One day, I met a woman by the lake. Now, where I was brought up, we didn’t really talk much to strangers, except to pass the time of day. And, at least for now, in the quiet of the day, this woman was quite visibly the only Black woman at the beach, where she had never been before, which was foreign to her. Perhaps I looked just odd enough myself, emerging from a swim, a deep dive into the well while everyone else was respectably dry, that she thought it worth the risk of talking to me, asking me to take her picture in front of the water. And then, for a few minutes set aside from our separate days, she invited me into her story. With the lake as our matchmaker and our mediator, we didn’t forget our different backgrounds and journeys, but they were united by this moment, in which we were two women drawn together by the water.

In the beginning, when all was formless and void, the Spirit of God brooded over the waters of creation and brought those waters to life. The Spirit didn’t only populate the waters with living things, but She formed and shaped and infused the water with life, with the love of God. In the beginning, when the Spirit of God brooded over the face of the deep, living water happened.

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A little Lenten story, based on Psalm 104:29-30:
When you hide your face, they are dismayed; when you take away their breath, they die and return to their dust.
When you send forth your spirit, they are created; and you renew the face of the ground.

The sun turns a cold shoulder,
shrugging with it its blanket of warmth.
The earth shivers with heat’s dissipation.
The water quakes
and waves are frozen in their disarray.
The lake looks like someone
whose mother said if you make that face
and the wind changes you’ll be stuck that way.

I heard of frog whose heart can survive the freezing.
Turn your face toward us;
melt our marrow into living water.

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Living water

A little Lenten story

Bundled into the car by night to avoid the crowds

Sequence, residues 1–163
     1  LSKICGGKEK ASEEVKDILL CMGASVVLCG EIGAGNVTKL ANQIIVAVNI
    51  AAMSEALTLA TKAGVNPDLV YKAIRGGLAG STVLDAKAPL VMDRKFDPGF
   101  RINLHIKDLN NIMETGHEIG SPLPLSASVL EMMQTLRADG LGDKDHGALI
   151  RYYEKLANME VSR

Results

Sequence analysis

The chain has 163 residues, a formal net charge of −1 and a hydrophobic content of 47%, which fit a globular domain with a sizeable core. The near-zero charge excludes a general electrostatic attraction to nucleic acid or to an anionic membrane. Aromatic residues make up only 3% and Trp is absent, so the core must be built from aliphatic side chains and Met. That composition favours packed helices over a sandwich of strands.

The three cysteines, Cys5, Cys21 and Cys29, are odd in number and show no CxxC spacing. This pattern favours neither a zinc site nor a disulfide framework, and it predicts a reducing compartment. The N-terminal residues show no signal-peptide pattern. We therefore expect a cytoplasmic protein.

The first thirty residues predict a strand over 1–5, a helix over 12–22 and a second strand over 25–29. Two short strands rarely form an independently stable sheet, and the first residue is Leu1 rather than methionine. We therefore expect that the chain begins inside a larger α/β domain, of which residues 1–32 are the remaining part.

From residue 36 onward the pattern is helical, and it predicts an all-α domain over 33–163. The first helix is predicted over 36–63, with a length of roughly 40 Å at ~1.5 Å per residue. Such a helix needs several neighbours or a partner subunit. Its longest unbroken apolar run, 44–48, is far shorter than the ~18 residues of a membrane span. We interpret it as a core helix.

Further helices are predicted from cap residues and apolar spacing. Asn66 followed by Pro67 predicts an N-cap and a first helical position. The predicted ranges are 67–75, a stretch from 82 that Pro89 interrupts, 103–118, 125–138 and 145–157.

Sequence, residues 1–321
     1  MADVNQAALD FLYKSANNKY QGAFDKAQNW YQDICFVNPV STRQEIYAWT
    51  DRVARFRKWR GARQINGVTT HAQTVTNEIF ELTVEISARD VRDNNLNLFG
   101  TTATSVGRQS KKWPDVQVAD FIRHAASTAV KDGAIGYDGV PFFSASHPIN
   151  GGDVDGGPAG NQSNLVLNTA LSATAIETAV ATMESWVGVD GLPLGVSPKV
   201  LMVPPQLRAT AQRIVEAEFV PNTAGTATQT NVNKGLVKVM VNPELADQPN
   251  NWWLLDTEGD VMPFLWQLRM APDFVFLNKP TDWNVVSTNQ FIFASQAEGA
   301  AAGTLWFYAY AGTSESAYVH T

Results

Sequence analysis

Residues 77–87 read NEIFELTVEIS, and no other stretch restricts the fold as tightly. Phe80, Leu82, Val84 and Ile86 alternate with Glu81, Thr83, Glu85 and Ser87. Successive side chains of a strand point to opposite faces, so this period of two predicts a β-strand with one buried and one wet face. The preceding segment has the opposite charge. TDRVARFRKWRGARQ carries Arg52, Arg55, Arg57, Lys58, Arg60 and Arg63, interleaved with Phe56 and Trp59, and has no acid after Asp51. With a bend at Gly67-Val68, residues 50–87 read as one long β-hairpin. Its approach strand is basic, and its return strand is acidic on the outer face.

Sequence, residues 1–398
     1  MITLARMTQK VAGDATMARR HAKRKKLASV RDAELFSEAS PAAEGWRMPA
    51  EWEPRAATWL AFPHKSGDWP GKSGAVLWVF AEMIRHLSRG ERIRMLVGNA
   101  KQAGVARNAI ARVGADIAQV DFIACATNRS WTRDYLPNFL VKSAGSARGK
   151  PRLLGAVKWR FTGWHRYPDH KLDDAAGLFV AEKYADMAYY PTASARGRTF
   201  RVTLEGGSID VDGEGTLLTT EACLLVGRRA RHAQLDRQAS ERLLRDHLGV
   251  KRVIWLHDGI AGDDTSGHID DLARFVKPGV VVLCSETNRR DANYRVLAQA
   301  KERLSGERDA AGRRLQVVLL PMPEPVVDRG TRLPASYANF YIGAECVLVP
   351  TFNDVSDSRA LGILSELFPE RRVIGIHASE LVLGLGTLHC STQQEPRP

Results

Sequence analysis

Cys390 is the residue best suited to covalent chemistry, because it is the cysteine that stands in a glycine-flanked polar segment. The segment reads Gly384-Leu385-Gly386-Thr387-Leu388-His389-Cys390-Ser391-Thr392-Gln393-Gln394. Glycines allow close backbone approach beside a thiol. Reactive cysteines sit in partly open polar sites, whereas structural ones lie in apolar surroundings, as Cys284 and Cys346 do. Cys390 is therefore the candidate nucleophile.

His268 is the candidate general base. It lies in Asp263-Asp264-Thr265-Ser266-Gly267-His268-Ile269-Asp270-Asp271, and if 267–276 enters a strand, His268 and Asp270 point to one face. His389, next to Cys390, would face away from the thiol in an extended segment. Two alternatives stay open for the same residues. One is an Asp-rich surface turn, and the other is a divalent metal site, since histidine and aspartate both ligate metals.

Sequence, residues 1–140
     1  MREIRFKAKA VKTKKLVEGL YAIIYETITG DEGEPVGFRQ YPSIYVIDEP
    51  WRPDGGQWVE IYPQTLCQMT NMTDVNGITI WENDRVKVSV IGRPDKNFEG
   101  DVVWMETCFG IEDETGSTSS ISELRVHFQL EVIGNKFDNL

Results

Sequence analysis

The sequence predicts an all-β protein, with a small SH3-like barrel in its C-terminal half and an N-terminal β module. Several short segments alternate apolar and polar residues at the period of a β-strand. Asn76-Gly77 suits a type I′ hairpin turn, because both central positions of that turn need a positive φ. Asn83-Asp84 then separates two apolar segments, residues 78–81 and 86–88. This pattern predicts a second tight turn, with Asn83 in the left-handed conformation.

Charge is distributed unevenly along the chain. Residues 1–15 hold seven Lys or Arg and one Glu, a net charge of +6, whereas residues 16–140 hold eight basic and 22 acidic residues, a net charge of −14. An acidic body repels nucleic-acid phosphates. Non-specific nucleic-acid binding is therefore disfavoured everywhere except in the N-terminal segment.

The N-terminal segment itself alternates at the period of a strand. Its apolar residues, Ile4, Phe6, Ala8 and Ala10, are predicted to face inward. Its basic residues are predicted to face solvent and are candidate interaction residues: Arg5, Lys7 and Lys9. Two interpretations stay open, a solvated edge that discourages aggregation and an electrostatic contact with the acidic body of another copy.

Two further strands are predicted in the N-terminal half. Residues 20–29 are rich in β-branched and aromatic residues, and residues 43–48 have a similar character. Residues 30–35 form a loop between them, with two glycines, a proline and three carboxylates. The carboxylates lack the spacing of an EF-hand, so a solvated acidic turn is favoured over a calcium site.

(it didn’t always work; there was that time
when the silver scales of traffic sat basking
for hours between the impossibly bright sky
and the impossibly black tarmac;
with sticky feet we wandered the motorway,
weaving between overheated motors
to the ice cream van that had opened its awning,
yawning for customers before
the freezer gave out),
under the observant lens of Venus,
following the isthmus until day, when all around us
we would see the sea: the brine of God’s womb,
the animistic fluid of creation.

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A meditation on the Cross

I imagine they made it of living wood; 
the tree itself shared your fate,
cut down in service of hateful violence,
its beauty overlooked, its sacrifice, 
turning our exhaust into air, sweet bitterness 
of fruit and pollen, its praise of heaven, 
limbs raised high, razed to the ground 
with you. They did not see 
or understand that its roots 
already harrowed earth 
so that from its demise 
a thousand creatures might arise, 
give thanks to their Creator 
for the tree of life.

This meditation also appears at the Episcopal Journal

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Running out of water in the holy lands

A little Lenten story

First in the north, 
between fruit trees and shade, 
it seemed it should be more difficult 
than this to die, 
except for the envy 
of avocadoes and apricots, 
hoarding the hidden streams 
of mercy for themselves;

It made more sense
in the south, where sand slips
beneath the feet, dry
as a memory carved into crumbling 
rock, worn away by storms 
long forgotten by the sky.

In between – 
because when will I learn – 
somewhere on the roadside, 
rescued by the kindness of strangers 
who made their children share 
with the foreign fool 
something of their life.

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Sinking sand

A little Lenten story

An English seaside town, its name suffixed with something left behind by the Romans. A sandy beach with buckets and spades, Punch and Judy, donkey rides, sandwiches gritty with their namesake, seagulls looking for leftover ice cream cones. At low tide, the channel drains like a bathtub toward the ocean, exposing broad mudflats. Sent to wash off her sandpaper ankles, a child might find herself sucked knee-deep into the mire. A slosh and a paddle in the sea still leave the dilemma of how to come back clean. The little pail of water she could scoop in the shallows would not do the trick; the stuff was too sticky. Did they not know, the weary ones worn out by a day of childish joy, who sent her to wash the evidence away, that there was no way, unless someone were to carry her?

A note on the featured image: this beach is not that beach.

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Born of water and the Spirit

I am not preaching this Sunday, and there was no little Lenten story/legend this morning, so consider this an offering to replace them both.


You know, although it wasn’t recorded,

that when God made Adam —

dust of the earth in human form —

there was water.

Imagine it: trying to breathe life

into dust — it went


and everywhere was so new.

The bible says, there were streams

bubbling up from the underground,

secret sources whispering,



scooped a palmful of water,

pressed the dust into beauty,

breathed life, Spirit —

call it what you will —

that first kiss left traces of mud

on the lips of them both.


Nicodemus said to him, “How can anyone be born after having grown old? Can one enter a second time into the mother’s womb and be born?” Jesus answered, “Very truly, I tell you, no one can enter the kingdom of God without being born of water and Spirit.” (John 3:4-5)